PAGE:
Tuesday, February 22, 2005

Underwood gaining momentum on 'Idol' - 22 Feb. 2005

I began to think if I'd ever get on the front page without Carrie Underwood...


A local hero made one more move towards stardom last Wednesday night, bringing her a big step closer to being the next American Idol.

Carrie Underwood is one of 24 men and women who beat out 193 contestants during the three-day long auditions in Hollywood. The show will resume tonight with the 12 females who have been selected to perform live. During tonight's broadcast, viewers wi11 be able to call into the show and vote for their favorite performer.

Ever since Underwood first auditioned in St. Louis, her popularity has been growing across the nation and on NSU's campus. This, however, is not Underwood's first time being in the spotlight. She has performed several times with Downtown Country, a summer musical program put on by NSU's music department.

"Carrie is without a doubt, one of the most trouble-free full east members I have ever worked with. She always knew her material, was always where she was supposed to be when she was supposed to be there, and never complained," said Kelli Doolen, director of Country Music and Downtown Country. "Her attitude regarding song selection was, 'Just pick whatever you want me to sing and I'll !earn it.' She was an exemplary Downtown Country cast member."

Underwood is indeed a special talent, and Doolen is quick to point out her strongest attribute.

"Without a doubt, Carrie's strongest talent is her God-given voice. In addition to being one of the most powerful singers I have ever heard live, her pitch is always dead on," said Doolen.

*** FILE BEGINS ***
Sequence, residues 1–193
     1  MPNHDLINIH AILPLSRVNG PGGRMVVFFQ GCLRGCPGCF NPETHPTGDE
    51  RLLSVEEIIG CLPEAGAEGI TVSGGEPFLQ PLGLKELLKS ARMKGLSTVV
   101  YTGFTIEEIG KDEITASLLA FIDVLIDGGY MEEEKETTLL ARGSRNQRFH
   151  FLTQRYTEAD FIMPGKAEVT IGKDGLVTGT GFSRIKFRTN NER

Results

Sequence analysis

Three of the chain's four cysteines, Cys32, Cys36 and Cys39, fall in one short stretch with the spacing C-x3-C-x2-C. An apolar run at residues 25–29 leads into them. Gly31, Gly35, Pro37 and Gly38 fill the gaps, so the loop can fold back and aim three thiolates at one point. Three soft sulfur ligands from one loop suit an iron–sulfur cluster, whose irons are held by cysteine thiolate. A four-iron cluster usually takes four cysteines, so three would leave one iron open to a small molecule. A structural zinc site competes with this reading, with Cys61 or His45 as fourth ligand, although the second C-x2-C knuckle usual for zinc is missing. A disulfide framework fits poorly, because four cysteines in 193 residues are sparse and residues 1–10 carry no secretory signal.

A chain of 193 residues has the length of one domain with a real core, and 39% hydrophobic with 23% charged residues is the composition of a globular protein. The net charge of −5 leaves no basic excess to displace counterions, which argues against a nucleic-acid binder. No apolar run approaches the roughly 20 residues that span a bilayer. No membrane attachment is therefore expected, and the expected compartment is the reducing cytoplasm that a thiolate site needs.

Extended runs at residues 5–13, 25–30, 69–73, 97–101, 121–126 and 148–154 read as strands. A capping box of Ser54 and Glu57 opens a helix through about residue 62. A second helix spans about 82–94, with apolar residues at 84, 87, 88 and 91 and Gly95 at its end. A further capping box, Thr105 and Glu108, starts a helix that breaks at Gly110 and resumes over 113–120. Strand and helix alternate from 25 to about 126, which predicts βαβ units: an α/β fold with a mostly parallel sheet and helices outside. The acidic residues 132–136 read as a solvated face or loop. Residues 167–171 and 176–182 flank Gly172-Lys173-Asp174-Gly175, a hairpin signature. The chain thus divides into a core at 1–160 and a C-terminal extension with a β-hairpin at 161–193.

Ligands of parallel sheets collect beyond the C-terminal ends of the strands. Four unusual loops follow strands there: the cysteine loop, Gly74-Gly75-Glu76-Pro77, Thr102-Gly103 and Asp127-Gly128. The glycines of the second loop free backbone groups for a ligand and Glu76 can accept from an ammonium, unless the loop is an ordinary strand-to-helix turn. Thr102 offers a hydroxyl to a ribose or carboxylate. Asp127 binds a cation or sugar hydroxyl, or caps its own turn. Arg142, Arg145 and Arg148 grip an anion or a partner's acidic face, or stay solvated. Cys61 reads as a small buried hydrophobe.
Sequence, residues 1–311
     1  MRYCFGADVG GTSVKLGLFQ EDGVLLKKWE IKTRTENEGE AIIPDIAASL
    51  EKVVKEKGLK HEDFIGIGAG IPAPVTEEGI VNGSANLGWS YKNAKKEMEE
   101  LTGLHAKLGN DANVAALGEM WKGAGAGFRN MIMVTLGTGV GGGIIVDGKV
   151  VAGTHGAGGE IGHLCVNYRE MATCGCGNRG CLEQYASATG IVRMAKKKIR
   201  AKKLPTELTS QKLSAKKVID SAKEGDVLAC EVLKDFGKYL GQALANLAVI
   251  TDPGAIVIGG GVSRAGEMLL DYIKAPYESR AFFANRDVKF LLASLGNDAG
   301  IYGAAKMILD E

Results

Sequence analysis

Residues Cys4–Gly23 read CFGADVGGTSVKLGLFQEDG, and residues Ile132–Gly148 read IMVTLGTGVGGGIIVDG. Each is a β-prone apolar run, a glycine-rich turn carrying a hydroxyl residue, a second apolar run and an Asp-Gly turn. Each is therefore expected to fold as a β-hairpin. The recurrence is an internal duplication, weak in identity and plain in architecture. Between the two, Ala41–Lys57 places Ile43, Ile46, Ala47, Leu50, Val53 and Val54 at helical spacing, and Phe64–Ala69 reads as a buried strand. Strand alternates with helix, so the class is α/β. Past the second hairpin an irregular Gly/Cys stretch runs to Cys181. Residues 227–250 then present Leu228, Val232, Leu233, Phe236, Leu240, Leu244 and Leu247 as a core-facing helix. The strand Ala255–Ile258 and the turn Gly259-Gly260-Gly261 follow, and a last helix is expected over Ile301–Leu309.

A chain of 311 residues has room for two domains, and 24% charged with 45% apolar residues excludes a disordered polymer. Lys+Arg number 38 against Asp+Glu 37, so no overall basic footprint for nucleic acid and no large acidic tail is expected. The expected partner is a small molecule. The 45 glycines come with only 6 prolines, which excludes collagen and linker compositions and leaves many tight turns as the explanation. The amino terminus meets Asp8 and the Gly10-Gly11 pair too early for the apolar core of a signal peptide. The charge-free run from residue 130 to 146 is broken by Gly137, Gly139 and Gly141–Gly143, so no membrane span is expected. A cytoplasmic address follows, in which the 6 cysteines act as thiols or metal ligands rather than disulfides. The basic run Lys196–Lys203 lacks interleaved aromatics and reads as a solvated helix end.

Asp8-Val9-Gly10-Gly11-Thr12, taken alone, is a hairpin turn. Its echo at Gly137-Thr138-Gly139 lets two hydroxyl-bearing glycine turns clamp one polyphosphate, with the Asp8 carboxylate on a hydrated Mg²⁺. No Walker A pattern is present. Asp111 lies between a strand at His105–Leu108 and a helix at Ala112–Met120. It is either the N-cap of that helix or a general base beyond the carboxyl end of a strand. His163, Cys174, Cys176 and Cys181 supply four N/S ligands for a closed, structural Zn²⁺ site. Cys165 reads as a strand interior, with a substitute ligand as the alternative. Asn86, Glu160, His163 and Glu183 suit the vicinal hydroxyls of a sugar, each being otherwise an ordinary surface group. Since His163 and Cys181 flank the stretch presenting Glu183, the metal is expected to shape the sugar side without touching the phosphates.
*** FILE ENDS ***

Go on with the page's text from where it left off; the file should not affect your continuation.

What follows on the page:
During the past month, Underwood has garnered immense support from the Tahlequah and NSU community. In fact, for some who watch the show every week, this season of American Idol is their first.

Sarah Turner is one of those first timers. She watches the show weekly with her parents and is excited about the local star gone national.

"I'm watching it for her," said the Tahlequah sophomore. “I’m all about Tahlequah pride. You gotta show some hometown pride."

Hometown pride is one way to describe the atmosphere in Checotah, Underwood's own hometown. Fans gather every week with homemade signs to watch for her and celebrate her advancement in the competition. Similar "watch-parties" have sprung up across the area, strengthening Underwood's fan base.

"Some of the Downtown Country cast members, Downtown Country parents and I get together every Tuesday and Wednesday night for an American Idol watch-party," said Doolen. "In reality, though, it's a Carrie Underwood watch-party."

The NSU Carrie Watch Committee, a temporary committee created to publicize Underwood's appearance on the show, had its first meeting last week. The committee, made up of representatives from NSU public relations, the Office of Student Affairs and other relevant organizations are responsible for motivating the campus and community to support Underwood. Nancy Garber is the director of Public Relations and is also on that committee.

"The university has decided to host a watch-party for Carrie so we can celebrate her success," said Garber. "We want to encourage everyone to vote for [her] so she will be eligible to continue in the competition."

This Tuesday and Wednesday nights and throughout the remainder of the competition, NSU will be hosting the largest watch-party in the area with a live cable feed of the show and a phone-bank set up for those without cell phones to call in and vote for Underwood. Tuesday will be the first time that viewers will be able to vote for their favorite performer.

On Wednesday, the results will be announced and four contestants will be cut.

Doolen has been pulling for Underwood from the start.

"Even though we knew that Carrie just had to make it based on her talent level, it was still a little nerve-wracking waiting for the judges' decision," said Doolen. "I can't even imagine how she must have been feeling."

Turner said her family watches the show every night, and she is proud of Underwood's achievement.

"It's cool that she goes to this school and she's on TV, and people are going to know who she is," said Turner.

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